Collaborations Atlanta

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Saturday, May 12, at The Beam Theater, marked the fourth annual Collaborations Atlanta performance, produced by Jamie Horban. Collaborations offers the opportunity for collaboration between creators of different art forms.  Some of the collaborations included music performance and art; dance, poetry, and theater; dance and film; and the more common dance and music, and film and music.

It was refreshing and inspiring to attend a performance that emphasized creative collaboration over technical expertise and perfection.  That’s not to say there was no technical expertise.  But these pieces seemed to be about the process as much as the final product.  For artists and those of us who like to watch art being made, this concert was a peek at the making of art in Atlanta.  The Beam is an intimate theatre where the performers and the audience can reach across and physically touch each other.  For this performance, the audience was seen as another collaborator in the artistic process.

There were too many works on the program to discuss each one separately—but it is a great thing that Atlanta has so many artists willing to work in teams, rather than only alone.  Collaboration feeds the artistic process as nothing else does.  I do want to mention some highlights, although the whole evening kept the audience engaged.

The most professional performance, and one that intrigued me, was Daniel and Kate Guyton’s piece with Christopher Hall.  It combined poetry, theater, and Israeli Gaga dance, an improvisational technique using a movement vocabulary developed by Ohad Naharin of Israel’s Batsheva Dance Company.  Simply costumed and expertly presented by both the actors and the dancer, the use of the Gaga movement lent a surreal aura to what would otherwise have felt like straight theater.

The belly dancing by Jahara Phoenix Dance Company overshadowed the art portion of the collaboration, but the intricate choreographic patterns, the highly-developed performing qualities of the dancers,  and the breathtaking use of fabric fans, made this piece a clear audience favorite.  I have to vote with the audience on this one.

“Throw the Pot” was one of the more interesting collaborations.  It offered visuals of beautiful hand-thrown pots, paired with a spoken word script using definitions appropriate to pottery and the throwing of pots.  Because of technical difficulties, the film and video portions of the performance were on a small screen on stage right, rather than being projected onto the backdrop.  In the case of this collaboration, the alternate plan worked really well.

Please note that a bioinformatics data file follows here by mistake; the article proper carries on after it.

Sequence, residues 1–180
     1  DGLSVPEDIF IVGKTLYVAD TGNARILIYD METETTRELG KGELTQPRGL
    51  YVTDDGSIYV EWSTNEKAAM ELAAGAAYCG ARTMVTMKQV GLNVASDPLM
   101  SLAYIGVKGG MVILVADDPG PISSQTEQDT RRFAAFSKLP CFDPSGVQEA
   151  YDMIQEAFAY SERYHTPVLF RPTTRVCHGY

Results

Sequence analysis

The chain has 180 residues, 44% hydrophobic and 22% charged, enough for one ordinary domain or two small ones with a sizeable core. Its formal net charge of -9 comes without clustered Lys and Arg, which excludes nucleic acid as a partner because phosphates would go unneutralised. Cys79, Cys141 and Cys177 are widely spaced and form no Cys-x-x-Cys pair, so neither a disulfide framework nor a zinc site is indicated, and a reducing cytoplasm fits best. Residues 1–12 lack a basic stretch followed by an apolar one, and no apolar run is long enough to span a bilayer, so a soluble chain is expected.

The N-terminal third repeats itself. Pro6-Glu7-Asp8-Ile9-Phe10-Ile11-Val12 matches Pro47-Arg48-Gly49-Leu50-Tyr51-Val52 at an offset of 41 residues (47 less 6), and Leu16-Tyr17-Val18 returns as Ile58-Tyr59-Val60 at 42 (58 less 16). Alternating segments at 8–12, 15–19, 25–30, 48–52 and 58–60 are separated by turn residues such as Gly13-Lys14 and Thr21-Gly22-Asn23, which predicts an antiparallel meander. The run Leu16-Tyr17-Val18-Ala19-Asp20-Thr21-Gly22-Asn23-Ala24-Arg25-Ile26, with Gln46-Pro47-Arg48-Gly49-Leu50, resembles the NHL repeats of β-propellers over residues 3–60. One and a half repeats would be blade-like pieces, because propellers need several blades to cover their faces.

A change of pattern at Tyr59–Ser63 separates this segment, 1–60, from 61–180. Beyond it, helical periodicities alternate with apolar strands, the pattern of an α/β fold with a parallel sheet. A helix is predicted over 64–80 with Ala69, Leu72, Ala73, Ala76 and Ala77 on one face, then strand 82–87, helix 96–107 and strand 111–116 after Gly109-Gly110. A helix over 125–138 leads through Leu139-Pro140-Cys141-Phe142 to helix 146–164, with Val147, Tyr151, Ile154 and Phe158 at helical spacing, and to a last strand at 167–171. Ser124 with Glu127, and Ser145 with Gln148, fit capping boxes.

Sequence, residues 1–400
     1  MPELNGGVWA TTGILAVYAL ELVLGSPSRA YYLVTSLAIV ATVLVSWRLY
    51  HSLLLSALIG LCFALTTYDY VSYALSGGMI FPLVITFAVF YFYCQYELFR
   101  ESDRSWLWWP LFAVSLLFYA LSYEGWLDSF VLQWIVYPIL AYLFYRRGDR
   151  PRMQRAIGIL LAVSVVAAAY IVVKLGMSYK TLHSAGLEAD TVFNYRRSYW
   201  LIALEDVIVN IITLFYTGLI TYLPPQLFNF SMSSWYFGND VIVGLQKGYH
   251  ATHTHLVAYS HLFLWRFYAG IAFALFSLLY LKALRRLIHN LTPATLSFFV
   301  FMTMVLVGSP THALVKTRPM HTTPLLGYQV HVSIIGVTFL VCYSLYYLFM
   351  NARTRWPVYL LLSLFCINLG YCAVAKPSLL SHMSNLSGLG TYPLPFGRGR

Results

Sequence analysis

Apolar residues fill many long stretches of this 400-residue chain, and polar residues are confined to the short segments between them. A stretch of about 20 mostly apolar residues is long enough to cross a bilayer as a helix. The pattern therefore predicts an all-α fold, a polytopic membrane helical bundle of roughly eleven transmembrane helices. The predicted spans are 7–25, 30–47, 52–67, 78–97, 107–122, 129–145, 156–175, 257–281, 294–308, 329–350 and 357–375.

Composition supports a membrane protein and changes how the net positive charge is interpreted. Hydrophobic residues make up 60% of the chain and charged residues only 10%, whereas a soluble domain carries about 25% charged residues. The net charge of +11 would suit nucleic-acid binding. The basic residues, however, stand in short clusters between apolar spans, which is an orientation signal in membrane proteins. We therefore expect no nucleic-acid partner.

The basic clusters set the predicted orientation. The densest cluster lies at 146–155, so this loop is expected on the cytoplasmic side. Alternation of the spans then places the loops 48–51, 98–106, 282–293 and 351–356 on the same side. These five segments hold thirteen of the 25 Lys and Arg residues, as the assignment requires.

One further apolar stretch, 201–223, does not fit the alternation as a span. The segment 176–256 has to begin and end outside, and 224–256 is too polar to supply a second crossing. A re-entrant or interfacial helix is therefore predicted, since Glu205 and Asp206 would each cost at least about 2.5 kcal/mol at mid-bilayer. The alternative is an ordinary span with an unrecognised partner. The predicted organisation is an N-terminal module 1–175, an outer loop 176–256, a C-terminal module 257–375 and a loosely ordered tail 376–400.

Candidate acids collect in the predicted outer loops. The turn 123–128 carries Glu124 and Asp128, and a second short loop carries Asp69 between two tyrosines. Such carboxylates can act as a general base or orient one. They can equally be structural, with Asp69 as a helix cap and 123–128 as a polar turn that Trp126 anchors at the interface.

Sometimes a special performer stands out.  In Collaborations, it was Angelica, in Brent Smith and Project 6 Movement’s “Ready or Not.”  The choreography was structured as a delightful ensemble-and-canon work, and the dancers were well-rehearsed and competent.  However, Angelica’s willingness to take risks with the movement had the audience holding our collective breath—not with fear that she would fail, but with excitement, as she repeatedly flirted with danger on the outer limits of balance, then used every ounce of control to transition to the next movement.  Few dancers ever find that ability, and she is definitely one to watch.

At times I was disappointed that some of the collaborations seemed more like coincidences—I would have liked to see more connection between the art forms being presented.  One expects to see dance paired with music, but more interaction between the musical performers and the dancers, rather than merely having them on the same stage at the same time, could have made the presentations even more exciting.  “Sea of Individuality” was not one of those coincidences.  It was beautifully crafted with layers of meaning, and exquisitely performed, especially by the mime/dancer. Short and sweet, it was a gem of a work and perhaps the clearest example of the collaborative process.

             The most disappointing thing about Collaborations is that there was only one performance.  The theater was crowded, but it’s a shame that more Atlantans won’t have the chance to see what our arts community can do when its various members come together to create works that step outside of the usual silos.  Plan to attend next year, Atlanta!

 

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